Sunday, April 13, 2008

33. The Somnambulist by Jonathan Barnes

#33



Title: The Somnambulist
Author: Jonathan Barnes
Copyright: 2008
Pages: 353
Format: Hardcover
Rating: 5/5 stars
Finished: 4-13-08

I've been in need of an escape and what my fellow LT'er Irish calls a "brain candy book," and that's just what Jonathan Barnes The Somnambulist is, an escape. A fun romp through a Victorian London that isn't quite ours, with characters that are just not quite believable, telling a story that borders on the absurd... and I loved every page of it! Part historical fantasy, part murder mystery, part political intrigue, the best way to describe the book is in the authors own words, from the very opening lines of the book:
Be warned. This book has no literary value whatsoever. It is a lurid piece of nonsense, convoluted, implausible, peopled by unconvincing characters, written in drearily pedestrian prose, frequently ridiculous and willfully bizarre. Needless to say, I doubt you'll believe a word of it.
Well, let me tell you right up front, that there is probably no literary value whatsoever found by the end of the book, but that does not take away from the book at all.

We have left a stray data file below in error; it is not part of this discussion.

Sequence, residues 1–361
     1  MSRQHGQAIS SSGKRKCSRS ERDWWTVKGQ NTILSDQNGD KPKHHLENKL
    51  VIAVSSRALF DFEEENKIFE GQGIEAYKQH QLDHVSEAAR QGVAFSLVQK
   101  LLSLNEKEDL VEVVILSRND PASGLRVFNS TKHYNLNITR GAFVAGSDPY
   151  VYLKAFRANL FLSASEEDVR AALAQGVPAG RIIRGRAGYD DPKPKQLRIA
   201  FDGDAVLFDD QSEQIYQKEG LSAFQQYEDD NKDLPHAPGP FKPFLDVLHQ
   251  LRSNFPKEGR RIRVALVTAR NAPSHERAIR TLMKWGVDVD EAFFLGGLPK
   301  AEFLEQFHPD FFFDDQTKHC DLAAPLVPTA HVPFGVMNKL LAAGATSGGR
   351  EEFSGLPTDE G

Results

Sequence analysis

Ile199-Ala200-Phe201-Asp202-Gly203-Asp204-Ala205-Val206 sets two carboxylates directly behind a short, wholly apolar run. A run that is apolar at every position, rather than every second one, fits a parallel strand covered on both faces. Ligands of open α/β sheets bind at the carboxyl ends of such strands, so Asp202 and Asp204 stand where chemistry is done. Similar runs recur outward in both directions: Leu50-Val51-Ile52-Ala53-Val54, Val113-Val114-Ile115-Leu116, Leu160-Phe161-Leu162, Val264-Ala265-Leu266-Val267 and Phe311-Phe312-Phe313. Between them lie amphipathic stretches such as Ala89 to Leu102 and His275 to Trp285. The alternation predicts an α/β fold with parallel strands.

The Somnambulistcenters around Edward Moon, an aging, falling from fame magician, and his enigma of a partner, who is known only as the Somnambulist. While being the title character to the novel, the Somnambulist doesn't actually play in the starring role in the book, but is simply always there at the right time it seems, and is the perfect foil to Moon. In his time, it comes to light that Moon has also aided the London police on several occasions, helping them solve seemingly unsolvable crimes. And this presents my one great complaint with the book: we hear about several of these cases from Moon's past, but that's all; we are never given anymore than off-the-cuff remarks about them, no details. I want to know more about Moon and his earlier cases!

The characters in The Somnambulist are just as much fun as the story. Obviously, Edward Moon and the Somnambulist, but there is also the Human Fly, the Albino, the Prefects, the Chairman, Mrs Grossmith, Mr Cribb, Barrabas, the bearded-lady whore... the list goes on and on. Each has a part to play in the story from beginning to end, and each person's story is, for the most part, tidied up by the end of the story.

My hope remains that Jonathan Barnes continues thrilling us with tales of Edward Moon and the Somnambulist; tales of their earlier adventures and cases that are only hinted at in The Somnambulist. This book may not be for everyone, but as escapist reading, I don't think you can do much better than this!

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